How Gap Connects Store And Online Channels

For Gap, the No. 3 company in the IW 500 ranking, building the right number of Ship From Store operations is critical to profitability.

Charles Babcock, Editor at Large, Cloud

September 5, 2013

4 Min Read

2013 InformationWeek 500

2013 InformationWeek 500

See our full InformationWeek 500 ranking plus more profiles and analysis

As the U.S.'s largest specialty apparel chain, Gap Inc. needs to keep the shelves well stocked at its 2,425 U.S. stores and 3,100 worldwide, and that means keeping a lot of in-store inventory. At the same time, the company needs enough inventory in its e-commerce fulfillment channel to meet that growing demand.

To bridge those two inventory sources, Gap came up with an algorithm, known as Ship From Store, at the end of 2012 and implemented it in the website e-commerce system. Ship From Store lets online shoppers buy directly from store inventory -- though not from all stores, a factor that's key to making the new feature profitable.

The challenge was that the e-commerce system would bog down if it had to check the inventory of every store, which changes hour by hour. So knowing which stores to include is "the secret sauce," says Paul Chapman, Gap's senior VP of IT. Asked how many stores the system taps, or what percentage of online shoppers find items in warehouses compared with before Ship From Store, Chapman says that's proprietary information. Other retailers, Chapman believes, are working on this same Ship From Store concept.

Another reason not all Gap locations are included: The staff in participating stores must be trained and equipped to receive an order and ship the goods, the same as a fulfillment and distribution center. When the website tells a customer that a Ship From Store delivery will occur the next day, "it's up to us to make that happen," says Chapman. His developers have blended Ship From Store into the e-commerce system so that customers aren't aware of it.

A Digital Retail Strategy

The blurring lines between stores and online help explain why Gap's IT and product management teams are located next to each other in the retailer's open floor plan headquarters, and why both are part of its growth, innovation and digital business unit. As the teams work on problems such as Ship From Store, they do so with the backdrop of Gap CEO Glenn Murphy's dictum that all parts of the company are striving "to make shopping seamless to our customers through our digital strategy."

The first phase of Ship From Store enhanced the online shopping experience, but other customers, having found an item online, still want to see it before purchase. They want to try it on, touch the fabric and see the color.

Paul Chapman, Gap's senior VP of IT

Paul Chapman, Gap's senior VP of IT

Knowing which stores to check for inventory is "the secret sauce," Chapman says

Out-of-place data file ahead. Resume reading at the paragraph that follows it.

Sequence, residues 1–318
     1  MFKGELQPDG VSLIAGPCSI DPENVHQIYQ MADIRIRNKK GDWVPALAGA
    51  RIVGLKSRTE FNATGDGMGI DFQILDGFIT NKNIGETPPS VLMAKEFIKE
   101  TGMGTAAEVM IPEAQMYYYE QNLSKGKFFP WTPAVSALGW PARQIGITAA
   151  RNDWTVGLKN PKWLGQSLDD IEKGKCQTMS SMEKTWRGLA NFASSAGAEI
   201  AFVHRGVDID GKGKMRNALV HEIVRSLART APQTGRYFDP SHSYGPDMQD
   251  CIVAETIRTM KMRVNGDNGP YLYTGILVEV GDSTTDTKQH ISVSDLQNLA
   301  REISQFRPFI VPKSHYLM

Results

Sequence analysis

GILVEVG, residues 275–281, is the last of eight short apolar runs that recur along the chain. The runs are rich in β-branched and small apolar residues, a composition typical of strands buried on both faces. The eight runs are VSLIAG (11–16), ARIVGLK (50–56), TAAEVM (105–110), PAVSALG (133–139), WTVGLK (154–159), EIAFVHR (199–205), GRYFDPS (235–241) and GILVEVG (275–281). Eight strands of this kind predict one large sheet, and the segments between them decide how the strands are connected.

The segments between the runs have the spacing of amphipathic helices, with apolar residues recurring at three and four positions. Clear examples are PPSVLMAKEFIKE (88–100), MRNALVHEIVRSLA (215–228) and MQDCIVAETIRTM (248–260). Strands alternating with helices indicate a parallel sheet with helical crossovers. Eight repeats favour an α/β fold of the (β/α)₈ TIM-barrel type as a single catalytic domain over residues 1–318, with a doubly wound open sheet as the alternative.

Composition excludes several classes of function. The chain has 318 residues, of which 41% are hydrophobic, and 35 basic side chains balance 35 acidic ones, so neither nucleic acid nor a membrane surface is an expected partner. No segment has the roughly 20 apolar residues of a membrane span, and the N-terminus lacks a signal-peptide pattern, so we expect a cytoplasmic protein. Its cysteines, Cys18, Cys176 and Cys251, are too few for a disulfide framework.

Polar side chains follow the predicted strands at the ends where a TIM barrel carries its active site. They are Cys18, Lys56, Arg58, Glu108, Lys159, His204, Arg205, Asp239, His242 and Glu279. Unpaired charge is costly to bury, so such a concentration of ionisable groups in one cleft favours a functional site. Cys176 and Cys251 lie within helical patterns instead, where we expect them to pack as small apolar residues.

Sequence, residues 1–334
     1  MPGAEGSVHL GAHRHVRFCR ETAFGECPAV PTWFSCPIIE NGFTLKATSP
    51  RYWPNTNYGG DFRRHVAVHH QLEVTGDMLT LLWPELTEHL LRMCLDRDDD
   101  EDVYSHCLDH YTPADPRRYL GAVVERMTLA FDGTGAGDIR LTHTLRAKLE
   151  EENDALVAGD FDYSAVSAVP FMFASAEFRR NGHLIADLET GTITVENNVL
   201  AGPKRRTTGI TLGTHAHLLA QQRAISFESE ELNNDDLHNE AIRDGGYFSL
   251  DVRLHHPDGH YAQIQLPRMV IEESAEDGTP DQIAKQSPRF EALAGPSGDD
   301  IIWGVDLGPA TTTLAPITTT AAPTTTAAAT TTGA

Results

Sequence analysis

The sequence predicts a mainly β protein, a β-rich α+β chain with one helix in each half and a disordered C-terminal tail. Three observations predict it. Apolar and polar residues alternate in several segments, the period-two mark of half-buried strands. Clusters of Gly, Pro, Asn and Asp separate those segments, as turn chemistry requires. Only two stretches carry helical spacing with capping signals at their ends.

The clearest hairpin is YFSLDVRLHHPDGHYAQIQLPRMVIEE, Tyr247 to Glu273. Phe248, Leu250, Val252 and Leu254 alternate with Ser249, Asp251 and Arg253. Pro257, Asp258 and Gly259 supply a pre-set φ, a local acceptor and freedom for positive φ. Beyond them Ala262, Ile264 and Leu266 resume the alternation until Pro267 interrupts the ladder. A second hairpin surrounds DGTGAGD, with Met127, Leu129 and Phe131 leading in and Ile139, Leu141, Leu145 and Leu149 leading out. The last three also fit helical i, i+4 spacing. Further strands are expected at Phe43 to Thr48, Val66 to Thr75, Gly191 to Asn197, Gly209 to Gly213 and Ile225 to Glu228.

"Most customers do pre-shopping," says Chapman. "They love to go out to our website and browse the merchandise." To satisfy those shoppers, Gap teams added a Find In Store function, which advises shoppers where to find the nearest store with that item. Find In Store soon led to the idea for Reserve In Store, where a shopper can set aside and hold an item for 24 hours. Gap is testing that feature in Chicago and San Francisco stores.

The progression shows that Ship From Store wasn't a single project that IT launched into production and then moved on. With the additions, IT must constantly review how the system as a whole is functioning and make revisions. "It's not different from what Google does when it comes to searching on content," Chapman says. "Our algorithm isn't static. As we learn more, we update our rules."

Ship From Store started at Gap stores, but the retailer has added it to the e-commerce systems of two Gap-owned chains, Banana Republic and Athleta. Another brand, Old Navy, "is being looked at it very closely," says Chapman.

On the day of InformationWeek's interview, Gap, which had revenue of $15.7 billion in 2012, reported higher-than-expected earnings for its second quarter of 2013. Asked if Ship From Store had anything to do with those results, VP of product management Josh Mahoney says that "it's having a positive impact." Gap also is opening its first Old Navy store and e-commerce site in China next year, and a Gap store and e-commerce site in Taiwan.

All the new features -- Ship From Store, Find In Store and Reserve In Store -- illustrate what Mahoney's group looks at as an "omnichannel" strategy, where the experience of online shopping on a PC, smartphone or tablet and in-store shopping combine into one experience.

Gap shows how digital business requires IT teams with keen understanding of their customers and their company's strategy. Ship From Store, says Chapman, "is an important strategic weapon for this company to address an emerging channel."

Go to the InformationWeek 500 - 2013 homepage

Go to the InformationWeek 500 - 2013 homepage

About the Author(s)

Charles Babcock

Editor at Large, Cloud

Charles Babcock is an editor-at-large for InformationWeek and author of Management Strategies for the Cloud Revolution, a McGraw-Hill book. He is the former editor-in-chief of Digital News, former software editor of Computerworld and former technology editor of Interactive Week. He is a graduate of Syracuse University where he obtained a bachelor's degree in journalism. He joined the publication in 2003.

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